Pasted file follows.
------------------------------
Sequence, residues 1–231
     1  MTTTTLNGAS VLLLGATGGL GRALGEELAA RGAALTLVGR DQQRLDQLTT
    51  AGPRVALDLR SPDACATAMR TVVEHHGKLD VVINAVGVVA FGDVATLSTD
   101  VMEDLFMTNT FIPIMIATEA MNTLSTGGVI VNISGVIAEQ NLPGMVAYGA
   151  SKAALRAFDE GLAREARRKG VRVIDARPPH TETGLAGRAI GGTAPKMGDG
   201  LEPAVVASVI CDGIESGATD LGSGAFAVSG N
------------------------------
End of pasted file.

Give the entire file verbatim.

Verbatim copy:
Sequence, residues 1–231
     1  MTTTTLNGAS VLLLGATGGL GRALGEELAA RGAALTLVGR DQQRLDQLTT
    51  AGPRVALDLR SPDACATAMR TVVEHHGKLD VVINAVGVVA FGDVATLSTD
   101  VMEDLFMTNT FIPIMIATEA MNTLSTGGVI VNISGVIAEQ NLPGMVAYGA
   151  SKAALRAFDE GLAREARRKG VRVIDARPPH TETGLAGRAI GGTAPKMGDG
   201  LEPAVVASVI CDGIESGATD LGSGAFAVSG N